Will a robot terminate your job? And what will your children do for a living?
Research by consultants McKinsey & Co has found that 45 per cent of US jobs could be automated by technology that already exists.
We are on the cusp of an industrial revolution. Another one. It's been dubbed industry 4.0 by techies in the manufacturing sector.
The first revolution was the steam-powered rise of machines in the 18th and 19th centuries, the second was based on the assembly lines that drove mass production in the early 20th century and the third was the rise of electronics and computing that began in the 1960s.
Now a convergence of several new technologies is threatening to transform the workplace at speeds which have even ardent futurists wondering what we will be left to do to make a living.
The Pokemon Go craze has brought augmented reality into the mainstream. Kids of all ages have been roaming parks and streets, hunting virtual monsters located in the real world by a smart computer program.
But the enhanced interface between the real-world user and the virtual world has implications for us all. Enhancing the workplace with computer graphics and visual cues promises to make complex physical tasks achievable even by first-time novices.
Meanwhile, improved sensors and the ability to process vast amounts of data are making more and more manufacturing tasks achievable by robots.
Progress in language and image recognition is encroaching on professional service and creative jobs - making experts and artists out of us all.
We've seen what apps like Uber can do to the taxi industry, but what about driverless cars?
That's a revolution that could turn the world on its head. Some estimates suggest 10 million US workers are employed either driving or servicing those drivers. Are human workers doomed?
"After years of automating factories, accountants are seeing Xero (Kiwi-made accounting app) and going 'Wow, am I going to be around?'" says Massey business school's Dr David Brougham, whose special focus is the future of work.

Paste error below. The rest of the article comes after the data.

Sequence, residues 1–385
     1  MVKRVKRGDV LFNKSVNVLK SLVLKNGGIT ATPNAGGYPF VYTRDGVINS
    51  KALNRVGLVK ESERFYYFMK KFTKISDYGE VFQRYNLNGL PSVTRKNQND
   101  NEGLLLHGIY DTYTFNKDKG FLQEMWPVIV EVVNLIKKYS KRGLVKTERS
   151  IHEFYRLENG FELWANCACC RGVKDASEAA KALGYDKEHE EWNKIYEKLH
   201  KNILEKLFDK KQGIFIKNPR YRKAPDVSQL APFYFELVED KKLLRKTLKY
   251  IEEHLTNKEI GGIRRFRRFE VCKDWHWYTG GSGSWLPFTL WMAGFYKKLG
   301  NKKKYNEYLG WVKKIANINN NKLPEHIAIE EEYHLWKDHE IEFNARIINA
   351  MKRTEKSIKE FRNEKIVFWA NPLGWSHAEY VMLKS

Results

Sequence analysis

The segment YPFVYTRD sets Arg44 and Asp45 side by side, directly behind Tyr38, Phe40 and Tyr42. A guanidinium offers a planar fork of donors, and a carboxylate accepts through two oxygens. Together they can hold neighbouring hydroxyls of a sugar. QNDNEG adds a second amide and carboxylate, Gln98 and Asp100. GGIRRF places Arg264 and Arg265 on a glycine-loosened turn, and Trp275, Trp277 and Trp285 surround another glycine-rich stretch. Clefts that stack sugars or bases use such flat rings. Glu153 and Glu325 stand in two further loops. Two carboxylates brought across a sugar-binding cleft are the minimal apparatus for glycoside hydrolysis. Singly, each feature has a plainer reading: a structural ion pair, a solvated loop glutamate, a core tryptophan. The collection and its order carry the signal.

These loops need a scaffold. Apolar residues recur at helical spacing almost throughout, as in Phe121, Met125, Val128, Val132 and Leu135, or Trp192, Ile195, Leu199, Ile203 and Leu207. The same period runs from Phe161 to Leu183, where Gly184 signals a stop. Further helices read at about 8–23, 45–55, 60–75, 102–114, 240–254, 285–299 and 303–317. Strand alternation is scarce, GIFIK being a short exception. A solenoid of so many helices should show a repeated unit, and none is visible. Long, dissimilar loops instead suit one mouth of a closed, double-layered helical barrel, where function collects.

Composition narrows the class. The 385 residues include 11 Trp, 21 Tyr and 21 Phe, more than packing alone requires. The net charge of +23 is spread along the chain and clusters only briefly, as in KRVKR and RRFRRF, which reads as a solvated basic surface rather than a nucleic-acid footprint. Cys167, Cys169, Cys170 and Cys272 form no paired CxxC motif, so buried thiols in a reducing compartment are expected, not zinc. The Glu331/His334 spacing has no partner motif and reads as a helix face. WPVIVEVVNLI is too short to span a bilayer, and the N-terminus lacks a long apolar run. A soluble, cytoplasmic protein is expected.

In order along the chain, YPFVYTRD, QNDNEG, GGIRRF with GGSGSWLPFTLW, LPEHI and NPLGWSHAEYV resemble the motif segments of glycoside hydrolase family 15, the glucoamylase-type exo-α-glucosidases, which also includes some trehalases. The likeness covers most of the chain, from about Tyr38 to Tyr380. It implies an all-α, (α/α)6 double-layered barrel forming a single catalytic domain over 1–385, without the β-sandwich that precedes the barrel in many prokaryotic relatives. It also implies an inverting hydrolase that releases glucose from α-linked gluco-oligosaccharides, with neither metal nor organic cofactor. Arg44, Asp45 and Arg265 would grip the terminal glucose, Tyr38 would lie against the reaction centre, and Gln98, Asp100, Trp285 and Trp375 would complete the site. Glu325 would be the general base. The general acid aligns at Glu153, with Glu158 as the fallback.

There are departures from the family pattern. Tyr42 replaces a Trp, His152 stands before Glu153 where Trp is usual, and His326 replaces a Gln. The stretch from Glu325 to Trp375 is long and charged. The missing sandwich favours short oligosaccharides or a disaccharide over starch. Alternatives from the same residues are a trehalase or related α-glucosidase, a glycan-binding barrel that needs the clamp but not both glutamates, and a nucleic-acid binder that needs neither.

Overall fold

"The service sector jobs are high paying and high skilled but there are computer programmers analysing what people do and and working out how to eliminate the person from that process," he says.
Lawyers may be next, says Brougham. Imagine a supercomputer trying to crack a case, looking for a certain word or phrase and searching through the case law with a speed that no human can match.
"Maybe that's just a tool that makes their job easier ... but some would say harder for graduate lawyers to get jobs now."
But it's not all doom and gloom. It's always easier to see the jobs which will disappear than it is to identify new jobs that haven't been invented yet.
"So current thinking is 50/50 as to whether there will be more jobs created than lost," Brougham says.
"When you look at the industrial revolutions in the past, there have been more and different jobs created so why would it be any different now?"
After all, you couldn't plan a career as a social media analyst 20 years ago, because social media didn't exist, but now it is one of the fastest growing occupations in the media and marketing sector.
But whatever the tradeoff between old and new jobs, history does tell us that change can bring social instability. For example, the first automated looms in England sparked riots and the "Luddite" uprising.
We do need to brace ourselves for a huge change, Brougham says.
When you look at the industrial revolutions in the past, there have been more and different jobs created so why would it be any different now?
He made made headlines this year with a study which found New Zealanders were grossly unaware of the changes about to hit the workforce.
That study found 87.5 per cent of respondents either disagreed or strongly disagreed with this statement: "smart technology, artificial intelligence, robotics or algorithms could take my job".
Brougham cites a 2013 study by Oxford researchers Carl Frey and Michael Osborne as the landmark in the field.
Like the McKinsey research, it found about 47 per cent of jobs in the US were at risk from automation based on current technologies.
Some have challenged that figure, suggesting it overestimates the dexterity and intuition of robots when put to a real-world test.